Between May 23rd and 28th I conducted a third round of shorebird counts as part of a regional project on the Critically Endangered Spoon-billed Sandpiper led by the wonderful SBS in China, funded by the National Geographic Air and Water Conservation Fund (China).
On May 23rd, I counted a (miserably poor) total of only 89 shorebirds in the Nakdong Estuary, with zero Spoon-billed Sandpiper and even zero Dunlin found and with the most numerous species Sanderling (29) – showing a wonderful range of plumages – and Kentish Plover (25). The number of Little Tern was also very low, with only 62 counted in total. The only other species of note were a single Western Osprey and an overflying group of 17 Oriental Honey Buzzard heading southwest.
Sanderling Calidris alba © Nial Moores
Kentish Plover Charadrius alexandrinus © Nial Moores
On May 24th, conditions were too poor to make accurate counts at the Geum barrage (although many hundreds of birds still remained) and on May 25th I spent the whole day at Yubu, crossing at 04:15 and leaving at 19:00. There were at least 5,700 shorebirds in total comprised of 23 or 24 species on Yubu, with most numerous Grey Plover (1,200), Broad-billed Sandpiper (750) and Red-necked Stint (650).
Broad-billed Sandpiper Limicola falcinellus sibirica © Nial Moores. Three different individuals showing some of the range in plumage saturation. By late May, some can look very richly colored indeed (for more images and discussion of this subspecies, see this post on the Birding Mongolia website).
Red-necked Stint Calidris ruficollis © Nial Moores By late May, some look enormous (for a stint, that is!).
Among multiple additional shorebird highlights were a “new” presumed Second Calendar-year Spoon-billed Sandpiper (seen and digiscoped catching flies and pulling at blades of vegetation, though only before sunrise!) and two or three Nordmann’s Greenshank (perhaps also in “First Breeding Plumage”?).
Spoon-billed Sandpiper Eurynorhynchus pygmeus (to right of Red-necked Stint) showing very retarded looking plumage even as late as May 25th © Nial Moores
Nordmann’s Greenshank Tringa guttifer © Nial Moores
There was also a small-sized breeding-plumaged Greater Sand Plover, presumably both mongolus and stegmanni subspecies of Mongolian Plover and five Curlew Sandpiper, all of which looked portly (like most of the other birds) and three of which were in full breeding plumage. There was also a good number of Ruddy Turnstone (200) present, with two banded birds seen and still decent numbers of Terek Sandpiper (150+ logged) though rather few Grey-tailed Tattler (only 15, with several of these perhaps Second Calendar-years?).
Grey-tailed Tattler Tringa brevipes © Nial Moores. The bird on the right had pale notching on the tertials and some pale speckling on the crown (perhaps indicating immaturity); the bird on the left lacked either of these features.
The 25th had a few ID puzzles and “what if” moments too. The first was a spoonbill with a group of 7 Black-faced Spoonbill that was obviously larger and longer-billed and –legged, that seemed to be intermediate in appearance between Eurasian and Black-faced; the second was an invisible bird heard overflying the tidal-flat giving first the “tuwit” contact call and then the display song of what I would have no hesitation in calling a Semi-palmated Plover if heard in North America.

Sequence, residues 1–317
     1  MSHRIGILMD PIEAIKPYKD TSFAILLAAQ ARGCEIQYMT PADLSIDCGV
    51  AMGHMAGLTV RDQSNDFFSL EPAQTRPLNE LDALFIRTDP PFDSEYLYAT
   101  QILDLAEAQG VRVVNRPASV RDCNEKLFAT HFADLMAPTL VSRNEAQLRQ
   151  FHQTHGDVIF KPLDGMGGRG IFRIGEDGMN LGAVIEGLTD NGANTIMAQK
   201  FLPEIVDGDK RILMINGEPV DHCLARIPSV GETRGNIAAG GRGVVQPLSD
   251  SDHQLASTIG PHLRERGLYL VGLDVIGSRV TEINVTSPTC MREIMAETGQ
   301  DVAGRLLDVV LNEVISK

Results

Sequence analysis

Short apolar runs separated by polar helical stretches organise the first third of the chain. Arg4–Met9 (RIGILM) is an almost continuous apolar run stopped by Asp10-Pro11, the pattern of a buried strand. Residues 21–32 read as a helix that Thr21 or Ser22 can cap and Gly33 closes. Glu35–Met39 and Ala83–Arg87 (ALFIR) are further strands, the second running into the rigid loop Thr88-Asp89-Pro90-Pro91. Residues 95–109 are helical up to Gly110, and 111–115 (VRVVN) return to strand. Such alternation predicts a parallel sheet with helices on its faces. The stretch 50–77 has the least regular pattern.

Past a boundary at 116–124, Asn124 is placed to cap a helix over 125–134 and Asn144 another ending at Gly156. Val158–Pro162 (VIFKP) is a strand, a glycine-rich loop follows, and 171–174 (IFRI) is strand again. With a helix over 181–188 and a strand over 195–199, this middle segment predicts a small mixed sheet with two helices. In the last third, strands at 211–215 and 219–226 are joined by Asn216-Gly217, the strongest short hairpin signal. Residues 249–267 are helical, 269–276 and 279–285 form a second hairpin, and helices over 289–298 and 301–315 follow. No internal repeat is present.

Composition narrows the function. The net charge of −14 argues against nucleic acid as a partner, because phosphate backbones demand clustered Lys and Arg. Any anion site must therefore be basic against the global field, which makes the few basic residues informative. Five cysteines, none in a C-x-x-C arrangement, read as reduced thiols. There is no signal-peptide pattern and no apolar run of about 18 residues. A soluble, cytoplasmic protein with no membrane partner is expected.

Black-faced Spoonbills Platalea minor and bird showing mixed characters? (on right) © Nial Moores
On 25th too, the woods on Yubu were also excellent, with a Gray’s Grasshopper Warbler, 25+ Kamchatka Leaf and two Arctic Warblers heard and seen, along with a Mugimaki and small numbers of all three of the grey-brown flycatchers.
On 26th, again conditions were too hazy with Yellow Dust and mist at the barrage to make any useful counts. On the 27th, conditions were better – but numbers had fallen to under 100 shorebirds, with Mongolian Plover (44), Terek Sandpiper (25) and Grey-tailed Tattler (10) the most numerous.
On 28th, I returned to Yubu and in four hours around the morning high tide found 2,160 shorebirds still, including another “new” Spoon-billed Sandpiper (presumably a male, as it started to sing a couple of times; and perhaps best aged as an advanced-looking Second Calendar-year, as it almost lacked red on the breast).
Spoon-billed Sandpiper (May 28th) with Red-necked Stints © Nial Moores
There were still at least two Nordmann’s Greenshank present too and Broad-billed Sandpiper had increased slightly to at least 795, with the next most numerous species Far Eastern Oystercatcher (405), Far Eastern Curlew (305), Grey Plover (165: most of those that remained with little breeding plumage) and Great Knot (146).
(Second Calendar-year) Far Eastern Oystercatcher Haematopus (ostralegus) osculans © Nial Moores
The breeding-plumaged Greater Sand Plover also remained (and was joined by a much larger and thus more typical looking individual in more or less in non-breeding plumage) and there were still 91 Mongolian Plover presumably again of both subspecies.
Mongolian Plovers Charadrius mongolus with a single Broad-billed Sandpiper © Nial Moores. According to a paper in 2000 by Hirschfeld et al. published in British Birds, breeding plumaged male stegmanni, perhaps like the bird top right, tend to be darker above than nominate mongolus, with more extensive and deeper red on the breast and less white on the forehead.
Greater Sand Plover Charadrius leschenaultii © Nial Moores. Does anyone know which subspecies this is?
Although there had been 340 Sanderling on the 25th, this number had fallen to zero by the 28th – a nice capture of departure timing for this very late migrant.
Thanks again to SBS in China and Nat Geo for supporting this research; and thanks too to Swarovski Optik for providing the use of some truly superb optics.